As the U.S. marks the 7th anniversary of the terrorist attacks on our country of 9/11/01, it is interesting how complacent the nation has become in the area of national security. It is not just the lack of a united people working with the best intentions of our country at heart, as we did during the immediate days after the attacks on NYC, Washington, D.C., and Pennsylvania, the symbolic shows of patriotic spirit, the vision of sheer physical strength as the wreckage was cleared. All are images still in the minds of most.
Seven years of being kept safe by the current administration here in this country have brought about a false sense of security for many. The politically partisan divides soon reared ugly shouts of blame and attacks within the halls of congress. Many take the timeline of the attacks all the way back to the 1980's and the failed presidency of Jimmy Carter. He thought if we just understood the terrorists, if he just negotiated and talked with them then everything would be all right. The opposite proved to be true.
From an article written by then unknown Illinois State Senator Obama, in Chicago's Hyde Park Herald, published on Sept 19, 2001, Obama said that after securing airports and reforming intelligence networks, we "must also engage ... in the more difficult task of understanding the sources of such madness." Obama claimed the madness was born out of "a climate of poverty and ignorance, helplessness and despair."
Remember, all of the terrorists who crashed the airplanes into buildings and the ground were middle to upper class, highly educated young Muslim men.
"In a speech before a joint session of Congress on Sept. 20, 2001, President Bush pointed out the real reasons islamofascists hate us: "They hate what they see right here in this chamber - a democratically elected government. Their leaders are self-appointed. They hate our freedoms: our freedom of religion, our freedom of speech, our freedom to vote and assemble and disagree with each other."
"Knowing the nature of your enemy is the key to victory. On the seventh anniversary of 9/11, we should all thank President Bush for keeping America safe. Along the way, he brought freedom and democracy to the Middle East, draining the terrorist swamp."
"Bush gets it. So does John McCain. This is one thing we should want to change."
Barack Obama still doesn't get it. He spoke early into the election campaign process of meeting with leaders of terrorist nations without pre-conditions. He wants to go back to the Clintonian days of slashing and burning the military budget to make allowances for the implementation of huge governmental feel-good programs. It's all about the show.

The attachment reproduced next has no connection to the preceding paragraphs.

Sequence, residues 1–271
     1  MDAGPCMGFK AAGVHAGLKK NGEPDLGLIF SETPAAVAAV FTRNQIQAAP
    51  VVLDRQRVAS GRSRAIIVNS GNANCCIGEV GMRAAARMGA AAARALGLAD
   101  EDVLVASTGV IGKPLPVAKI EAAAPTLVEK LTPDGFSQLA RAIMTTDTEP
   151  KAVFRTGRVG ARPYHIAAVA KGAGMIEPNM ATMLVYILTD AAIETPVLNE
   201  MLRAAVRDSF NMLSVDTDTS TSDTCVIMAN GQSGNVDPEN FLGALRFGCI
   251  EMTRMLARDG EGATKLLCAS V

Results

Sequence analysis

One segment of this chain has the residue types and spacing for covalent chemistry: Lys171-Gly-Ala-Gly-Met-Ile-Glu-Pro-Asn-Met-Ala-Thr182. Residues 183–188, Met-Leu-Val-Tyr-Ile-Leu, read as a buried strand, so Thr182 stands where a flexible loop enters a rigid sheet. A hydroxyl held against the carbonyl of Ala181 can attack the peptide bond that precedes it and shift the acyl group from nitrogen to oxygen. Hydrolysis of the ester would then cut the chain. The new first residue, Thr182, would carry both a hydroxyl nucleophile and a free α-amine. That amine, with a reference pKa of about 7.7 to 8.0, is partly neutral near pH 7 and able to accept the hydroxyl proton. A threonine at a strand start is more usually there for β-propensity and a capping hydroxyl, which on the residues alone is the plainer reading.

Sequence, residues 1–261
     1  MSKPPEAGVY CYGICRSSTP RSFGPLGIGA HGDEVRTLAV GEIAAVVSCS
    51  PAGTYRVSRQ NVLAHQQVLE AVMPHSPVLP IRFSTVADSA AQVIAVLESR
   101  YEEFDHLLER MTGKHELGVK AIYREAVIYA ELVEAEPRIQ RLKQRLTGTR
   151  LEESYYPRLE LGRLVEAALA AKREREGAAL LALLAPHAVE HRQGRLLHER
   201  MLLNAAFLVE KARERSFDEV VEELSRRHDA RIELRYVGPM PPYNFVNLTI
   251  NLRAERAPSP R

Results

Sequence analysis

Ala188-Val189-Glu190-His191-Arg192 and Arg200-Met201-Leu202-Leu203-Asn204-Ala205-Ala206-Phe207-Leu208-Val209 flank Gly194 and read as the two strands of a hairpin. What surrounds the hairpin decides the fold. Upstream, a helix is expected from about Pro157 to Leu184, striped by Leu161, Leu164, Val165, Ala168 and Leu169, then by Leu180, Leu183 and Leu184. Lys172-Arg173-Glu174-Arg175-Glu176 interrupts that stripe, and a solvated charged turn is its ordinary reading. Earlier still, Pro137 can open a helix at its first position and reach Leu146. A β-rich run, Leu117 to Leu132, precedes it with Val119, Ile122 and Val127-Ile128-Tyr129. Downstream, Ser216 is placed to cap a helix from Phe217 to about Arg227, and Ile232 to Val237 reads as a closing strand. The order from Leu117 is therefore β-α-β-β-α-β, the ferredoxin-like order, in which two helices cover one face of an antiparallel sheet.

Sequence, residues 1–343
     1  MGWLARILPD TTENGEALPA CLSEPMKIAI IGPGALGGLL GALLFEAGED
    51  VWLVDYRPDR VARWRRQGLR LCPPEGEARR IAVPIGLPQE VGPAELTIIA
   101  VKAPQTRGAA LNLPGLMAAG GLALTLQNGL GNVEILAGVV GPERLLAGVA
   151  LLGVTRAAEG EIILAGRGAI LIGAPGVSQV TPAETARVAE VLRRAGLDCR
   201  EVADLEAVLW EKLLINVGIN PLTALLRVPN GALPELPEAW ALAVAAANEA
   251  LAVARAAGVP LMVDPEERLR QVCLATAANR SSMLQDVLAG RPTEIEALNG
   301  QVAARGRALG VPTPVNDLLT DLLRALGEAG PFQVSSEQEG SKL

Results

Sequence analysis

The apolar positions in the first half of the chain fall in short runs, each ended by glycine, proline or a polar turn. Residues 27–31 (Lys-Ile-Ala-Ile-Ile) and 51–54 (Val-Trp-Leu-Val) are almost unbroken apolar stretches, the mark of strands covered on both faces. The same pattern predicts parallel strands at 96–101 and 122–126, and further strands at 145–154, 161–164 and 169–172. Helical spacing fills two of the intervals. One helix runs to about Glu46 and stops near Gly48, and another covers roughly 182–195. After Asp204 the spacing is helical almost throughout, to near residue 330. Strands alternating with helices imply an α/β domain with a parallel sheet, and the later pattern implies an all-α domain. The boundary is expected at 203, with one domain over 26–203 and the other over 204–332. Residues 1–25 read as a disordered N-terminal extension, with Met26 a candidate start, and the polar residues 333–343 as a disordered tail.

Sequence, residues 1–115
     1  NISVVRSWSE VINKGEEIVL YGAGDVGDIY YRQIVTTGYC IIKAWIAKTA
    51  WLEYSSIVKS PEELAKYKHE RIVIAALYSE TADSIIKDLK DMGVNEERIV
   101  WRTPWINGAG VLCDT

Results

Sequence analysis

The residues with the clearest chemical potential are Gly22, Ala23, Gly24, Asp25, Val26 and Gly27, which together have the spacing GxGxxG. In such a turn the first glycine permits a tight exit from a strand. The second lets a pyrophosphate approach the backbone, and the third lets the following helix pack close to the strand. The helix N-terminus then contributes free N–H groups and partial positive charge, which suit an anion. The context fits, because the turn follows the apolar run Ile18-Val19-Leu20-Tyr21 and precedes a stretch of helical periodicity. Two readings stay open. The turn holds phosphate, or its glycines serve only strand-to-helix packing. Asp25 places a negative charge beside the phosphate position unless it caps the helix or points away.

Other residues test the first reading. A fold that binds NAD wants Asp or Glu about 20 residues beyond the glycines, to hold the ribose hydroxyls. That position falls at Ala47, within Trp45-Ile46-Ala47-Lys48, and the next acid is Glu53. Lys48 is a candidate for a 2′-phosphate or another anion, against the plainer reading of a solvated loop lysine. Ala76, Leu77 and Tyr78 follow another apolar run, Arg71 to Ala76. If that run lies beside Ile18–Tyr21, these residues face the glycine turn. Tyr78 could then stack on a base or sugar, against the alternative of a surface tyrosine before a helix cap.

Is it any wonder that a poll taken by the BBC would come to a conclusion that "US Democratic presidential candidate Barack Obama may be struggling to nudge ahead of his Republican rival in polls at home, but people across the world want him in the White House."?
We've seen the declines in European countries who have lacked the will and strength to fight off terrorist activities as Islamofascism marches on within its immigrant communities. We see the chaos and brutality of African dictators. We see rampant socialism on the march in Central and South American countries. Personal and political freedoms are not high up on the list.
And, finally, a survey of 16,063 people in 17 nations "found majorities in only nine countries believe al Qaeda was behind the attacks on New York and Washington that killed about 3,000 people in 2001." "On average 46 percent of those surveyed said al Qaeda was responsible, 15 percent said the U.S. government, 7 percent said Israel and 7 percent said some other perpetrator. One in four people said they did not know who was behind the attacks."
"The U.S. government was to blame, according to 23 percent of Germans and 15 percent of Italians. Respondents in the Middle East were especially likely to name a perpetrator other than al Qaeda, the poll found." "In Mexico, 30 percent cited the U.S. government and 33 percent named al Qaeda."
Reasonable Americans are not so concerned how Europe and the rest of the world perceives us. Someone has to be the grown-up. To whom does the rest of the world turn in times of need? There has always been a bit of jealous envy towards the U.S. all around the world. We are what they hope and strive to be, verbalized or not, by their ordinary citizens.
Talk all you want. The results are in.